Tip: It’s really important to make sure your accessory lens is mounted correctly, flush to the camera lens, centred and not at an angle. I use a mounting cage and most good brands will have some form of mount case or holder to use that will help. And don’t buy cheap! See moondoglabs.com/collections/lenses/products/1-33x-anamorphic-adapter-lens-37-mm-thread.


Yael Moussadji

Yael is an emergency physician who lives in Alberta, British Columbia, in Canada. She likes to photograph food, her family and travel, and always uses her phone for her photography. She currently uses an, iPhone 11 Pro with accessory lenses from Moment and filters from Hoya See www.instagram.com/erdocmom.

‘Having accessory lenses for my phone camera has really changed the game for me,’ says Yael ‘and has expanded the range of shots I can take.’ Yael uses the wide, telephoto and macro lenses from the Moment system for her food, family and travel photography, and uses Lightroom Mobile so she can process her pictures on her phone. ‘The extra focal length reach and width the lenses give me mean I can attempt scenes I wouldn’t have before, but also allow me to use the full resolution of the camera’s sensor as I don’t have to use the digital zoom feature of the phone. I’m hoping to go on safari in Africa next year, and am looking forward to mounting the tele lens on the longer lens of the iPhone 11. That should be amazing – if we get to go.’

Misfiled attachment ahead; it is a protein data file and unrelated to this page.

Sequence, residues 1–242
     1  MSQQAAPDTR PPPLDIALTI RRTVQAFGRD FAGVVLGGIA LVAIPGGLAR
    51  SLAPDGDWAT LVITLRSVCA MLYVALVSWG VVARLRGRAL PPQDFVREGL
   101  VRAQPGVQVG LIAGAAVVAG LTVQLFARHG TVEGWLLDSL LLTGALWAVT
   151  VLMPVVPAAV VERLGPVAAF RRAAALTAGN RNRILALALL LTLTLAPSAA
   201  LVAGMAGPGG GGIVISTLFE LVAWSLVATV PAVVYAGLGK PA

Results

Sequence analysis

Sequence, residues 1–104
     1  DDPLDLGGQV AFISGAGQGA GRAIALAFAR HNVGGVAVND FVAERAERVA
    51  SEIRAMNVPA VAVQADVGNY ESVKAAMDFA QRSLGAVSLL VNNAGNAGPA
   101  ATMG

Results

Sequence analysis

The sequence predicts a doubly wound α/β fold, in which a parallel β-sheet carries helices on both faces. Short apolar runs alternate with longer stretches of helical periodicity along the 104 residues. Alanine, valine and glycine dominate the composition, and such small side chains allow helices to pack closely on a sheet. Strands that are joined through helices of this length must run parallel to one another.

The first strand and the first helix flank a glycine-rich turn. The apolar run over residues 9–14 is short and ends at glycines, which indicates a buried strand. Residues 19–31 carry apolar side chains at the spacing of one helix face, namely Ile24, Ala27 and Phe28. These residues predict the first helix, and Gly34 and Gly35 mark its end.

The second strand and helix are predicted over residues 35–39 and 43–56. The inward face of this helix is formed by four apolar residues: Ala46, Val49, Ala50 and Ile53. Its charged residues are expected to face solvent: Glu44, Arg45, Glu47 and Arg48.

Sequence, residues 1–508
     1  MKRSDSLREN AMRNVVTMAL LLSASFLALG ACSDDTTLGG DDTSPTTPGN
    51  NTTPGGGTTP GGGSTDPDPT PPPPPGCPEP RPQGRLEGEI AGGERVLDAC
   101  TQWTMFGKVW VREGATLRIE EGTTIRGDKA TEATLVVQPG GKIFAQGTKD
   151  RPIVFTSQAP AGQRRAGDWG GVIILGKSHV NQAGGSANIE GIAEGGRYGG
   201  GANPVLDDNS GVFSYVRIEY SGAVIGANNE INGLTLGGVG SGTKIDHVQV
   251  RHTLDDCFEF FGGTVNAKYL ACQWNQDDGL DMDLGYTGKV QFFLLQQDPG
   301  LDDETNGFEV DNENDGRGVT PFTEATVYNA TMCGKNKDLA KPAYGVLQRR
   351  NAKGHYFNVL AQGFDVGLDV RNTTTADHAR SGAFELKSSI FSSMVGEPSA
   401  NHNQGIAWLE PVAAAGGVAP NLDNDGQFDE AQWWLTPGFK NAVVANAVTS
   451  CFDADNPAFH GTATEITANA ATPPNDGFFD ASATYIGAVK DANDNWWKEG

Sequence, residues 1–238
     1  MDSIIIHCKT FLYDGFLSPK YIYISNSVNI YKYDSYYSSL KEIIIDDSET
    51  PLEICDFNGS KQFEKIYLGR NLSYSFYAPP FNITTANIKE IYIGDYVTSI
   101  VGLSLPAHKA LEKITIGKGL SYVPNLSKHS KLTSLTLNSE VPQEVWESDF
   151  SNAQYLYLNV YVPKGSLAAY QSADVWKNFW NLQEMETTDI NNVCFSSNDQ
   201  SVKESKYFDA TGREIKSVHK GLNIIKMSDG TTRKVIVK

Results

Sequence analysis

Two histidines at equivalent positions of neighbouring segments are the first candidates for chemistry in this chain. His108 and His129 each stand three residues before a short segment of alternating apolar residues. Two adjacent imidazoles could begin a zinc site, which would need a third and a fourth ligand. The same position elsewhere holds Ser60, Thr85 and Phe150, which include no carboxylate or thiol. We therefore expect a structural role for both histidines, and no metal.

This foggy shot of Cox Bay Beach was taken with a Moment wide-angle lens, combined with Hoya filters